I took my place in the queue and reconciled myself to a long wait, but consoled with the thought that at least I was surrounded by blokes in shorts and that was quite sexy if you forced yourself to forget you were in Tescos.
In front of me in the queue was an exasperated looking man with what transpired to be, on close examination, a really rather attractive lady-person. She was tall and slim, with long wavy hair and wearing a lovely sea-green tunic top which gave her a mermaid-like appearance. I was just about to compliment her on her outfit when I noticed that she was frantically scanning the ‘impulse buys’ near the till in desperate manner. She pointed to some cut price wine.
“You must stop me from buying that”. She said. “I’m not drinking for 3 months. Because wine has, like SOOOOOOOOOO many empty calories”.
“I stop eating on Thursday” she continued “so that I can fit into my outfit on a Friday night”.
(To go out starving hungry and not drink, presumably, which sounds like a bundle of laughs, I thought to myself).
Her fella just nodded, and continued to gaze out of the window. He might as well have put his fingers in his ears and gone “lalalalalalaaaaaaaa I’m not listening!” and indeed he might have done, had he not been carrying a 12 pack of Fosters.
“OH! LOOK!” she suddenly exclaimed “Maltesars! “The lighter way to enjoy chocolate!” (*hahahahaha –manic, scary laughter*) They’re, like diet chocolate! Can we get some? Or you can get some. Cos if you won’t eat them I’ll feel too guilty. But we could, like, share?”
“Erm, yeah alright” he replied.
“You don’t sound keen. Do you think I should not have them? Because I know I’m on a diet but….”
I tuned out (as the man had very astutely done some moments previously, it seemed).
Then it hit me. The reason I didn’t notice the way that girl looked initially was because her desperation and insecurity actually SHONE through. And it made her, if not ugly exactly, more a figure of pity. Someone you wanted to pat on the head and force feed cheese-on-toast. Certainly not someone you’d want to spend time with. Or even have sex with.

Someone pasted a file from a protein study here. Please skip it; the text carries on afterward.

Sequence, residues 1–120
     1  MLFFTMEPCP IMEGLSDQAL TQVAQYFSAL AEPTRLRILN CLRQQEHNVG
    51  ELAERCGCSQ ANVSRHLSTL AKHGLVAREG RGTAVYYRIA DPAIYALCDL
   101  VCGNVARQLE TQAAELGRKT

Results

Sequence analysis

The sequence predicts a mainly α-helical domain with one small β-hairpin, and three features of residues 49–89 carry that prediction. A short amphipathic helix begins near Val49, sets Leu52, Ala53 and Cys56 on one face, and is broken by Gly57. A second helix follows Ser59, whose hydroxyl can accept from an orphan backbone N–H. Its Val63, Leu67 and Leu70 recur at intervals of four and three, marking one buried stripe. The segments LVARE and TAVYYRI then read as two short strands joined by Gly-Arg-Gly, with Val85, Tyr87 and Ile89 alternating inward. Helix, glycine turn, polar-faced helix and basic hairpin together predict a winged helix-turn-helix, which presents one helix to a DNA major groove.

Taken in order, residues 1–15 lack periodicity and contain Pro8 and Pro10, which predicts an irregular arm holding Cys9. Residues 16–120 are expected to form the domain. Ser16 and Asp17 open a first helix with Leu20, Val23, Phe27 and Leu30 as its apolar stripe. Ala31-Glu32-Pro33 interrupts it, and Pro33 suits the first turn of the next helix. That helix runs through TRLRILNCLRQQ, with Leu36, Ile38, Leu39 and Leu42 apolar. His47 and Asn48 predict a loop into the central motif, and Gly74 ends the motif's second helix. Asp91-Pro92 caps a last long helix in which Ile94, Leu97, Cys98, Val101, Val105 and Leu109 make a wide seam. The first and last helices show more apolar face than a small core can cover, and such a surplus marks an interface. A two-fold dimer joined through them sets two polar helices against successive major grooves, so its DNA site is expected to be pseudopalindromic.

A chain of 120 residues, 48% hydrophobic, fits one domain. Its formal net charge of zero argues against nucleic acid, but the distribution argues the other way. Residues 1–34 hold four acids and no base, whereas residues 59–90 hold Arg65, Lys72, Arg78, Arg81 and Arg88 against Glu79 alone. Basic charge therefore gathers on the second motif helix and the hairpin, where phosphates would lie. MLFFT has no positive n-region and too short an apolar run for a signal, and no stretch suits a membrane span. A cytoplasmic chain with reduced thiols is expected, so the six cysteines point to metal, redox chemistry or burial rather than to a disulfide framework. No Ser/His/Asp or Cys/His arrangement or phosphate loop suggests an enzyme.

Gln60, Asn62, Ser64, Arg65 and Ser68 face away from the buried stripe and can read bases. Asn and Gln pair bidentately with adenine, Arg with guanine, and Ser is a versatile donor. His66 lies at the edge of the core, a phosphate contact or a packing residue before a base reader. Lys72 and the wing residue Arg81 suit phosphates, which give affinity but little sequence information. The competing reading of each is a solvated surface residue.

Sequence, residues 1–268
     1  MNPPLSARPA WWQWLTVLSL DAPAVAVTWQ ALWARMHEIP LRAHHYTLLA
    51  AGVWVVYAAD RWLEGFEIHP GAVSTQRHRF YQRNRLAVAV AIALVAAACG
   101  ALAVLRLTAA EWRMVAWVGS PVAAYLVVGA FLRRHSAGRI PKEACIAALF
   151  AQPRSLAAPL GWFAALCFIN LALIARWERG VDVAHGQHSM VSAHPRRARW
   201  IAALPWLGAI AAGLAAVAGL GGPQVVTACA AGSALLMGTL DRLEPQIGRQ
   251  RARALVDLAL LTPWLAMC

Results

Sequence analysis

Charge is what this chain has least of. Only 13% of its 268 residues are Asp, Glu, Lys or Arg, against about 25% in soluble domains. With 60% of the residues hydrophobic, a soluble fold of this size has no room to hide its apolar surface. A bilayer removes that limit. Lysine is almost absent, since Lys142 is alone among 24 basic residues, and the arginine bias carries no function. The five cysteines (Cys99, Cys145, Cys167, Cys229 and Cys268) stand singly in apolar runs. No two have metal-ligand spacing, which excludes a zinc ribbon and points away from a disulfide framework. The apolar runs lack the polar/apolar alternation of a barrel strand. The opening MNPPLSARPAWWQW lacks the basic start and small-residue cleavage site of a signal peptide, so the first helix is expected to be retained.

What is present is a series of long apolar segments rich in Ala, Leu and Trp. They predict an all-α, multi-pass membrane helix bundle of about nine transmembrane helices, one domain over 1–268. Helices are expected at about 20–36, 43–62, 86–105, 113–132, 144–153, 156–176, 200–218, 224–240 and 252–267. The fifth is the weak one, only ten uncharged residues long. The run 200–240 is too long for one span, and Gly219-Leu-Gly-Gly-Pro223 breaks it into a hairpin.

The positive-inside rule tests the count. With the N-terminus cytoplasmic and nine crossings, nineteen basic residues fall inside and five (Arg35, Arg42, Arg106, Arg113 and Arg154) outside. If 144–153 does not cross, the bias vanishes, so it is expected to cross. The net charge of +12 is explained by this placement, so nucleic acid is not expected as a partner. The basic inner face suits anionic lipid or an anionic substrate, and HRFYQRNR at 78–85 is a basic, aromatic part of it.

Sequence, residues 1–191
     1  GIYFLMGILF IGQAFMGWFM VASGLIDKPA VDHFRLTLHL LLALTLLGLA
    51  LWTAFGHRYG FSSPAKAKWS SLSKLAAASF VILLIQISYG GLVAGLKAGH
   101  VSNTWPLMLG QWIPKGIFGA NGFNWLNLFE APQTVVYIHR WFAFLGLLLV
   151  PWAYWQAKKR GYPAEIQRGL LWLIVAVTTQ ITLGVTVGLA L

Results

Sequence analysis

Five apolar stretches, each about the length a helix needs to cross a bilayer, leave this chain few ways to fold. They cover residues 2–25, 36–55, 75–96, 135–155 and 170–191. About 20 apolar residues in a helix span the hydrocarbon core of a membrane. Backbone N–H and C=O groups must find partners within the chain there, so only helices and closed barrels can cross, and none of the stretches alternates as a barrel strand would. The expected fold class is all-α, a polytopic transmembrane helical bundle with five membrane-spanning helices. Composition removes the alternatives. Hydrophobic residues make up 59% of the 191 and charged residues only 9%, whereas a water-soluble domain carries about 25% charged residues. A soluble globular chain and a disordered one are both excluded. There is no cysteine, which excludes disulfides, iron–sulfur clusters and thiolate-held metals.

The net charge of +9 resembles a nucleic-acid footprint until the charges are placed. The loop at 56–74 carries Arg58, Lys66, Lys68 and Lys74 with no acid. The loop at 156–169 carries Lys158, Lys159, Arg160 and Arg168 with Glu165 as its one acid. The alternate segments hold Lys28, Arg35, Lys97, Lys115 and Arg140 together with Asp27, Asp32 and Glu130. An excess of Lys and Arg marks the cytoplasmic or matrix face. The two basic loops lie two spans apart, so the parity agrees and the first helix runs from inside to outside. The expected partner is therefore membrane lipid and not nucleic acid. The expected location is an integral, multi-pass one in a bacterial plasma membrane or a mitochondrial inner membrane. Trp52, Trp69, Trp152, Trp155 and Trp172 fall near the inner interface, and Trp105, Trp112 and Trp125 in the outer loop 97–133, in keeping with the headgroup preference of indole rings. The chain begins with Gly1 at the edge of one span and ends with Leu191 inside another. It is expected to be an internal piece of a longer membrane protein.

That old adage ‘true beauty comes from within’ works in reverse, too. Constantly bleating on and on in an endless, tedious monologue about diet and weight makes you the personification of Heat Magazine – An object which draws your eye because of the bright colours and ‘BANISH CELLULITE!!” headlines, but which you’re usually done with in about 25 minutes, feeling spiritually unfulfilled and reaching for your copy of The Female Eunarch. It’s Cosmo you want to keep in your handbag for the entire month – Dear old Cosmo filled with confidence tips, sass and ‘you go, girl’-ness – it’s pretty cover being the icing on the proverbial cake.
So, ladies, spend a very small percentage of your time making yourself look how you want to look and then get on with your life, but most crucially SHUT UP about it, or else you may find yourself in a queue in Tescos, stood in front of a woman gnawing on her own fist in an effort to stop herself from standing on a box of Walkers crisps, pointing at you and shouting: “YOU, my dear, have all the appearance on an utter MORON!”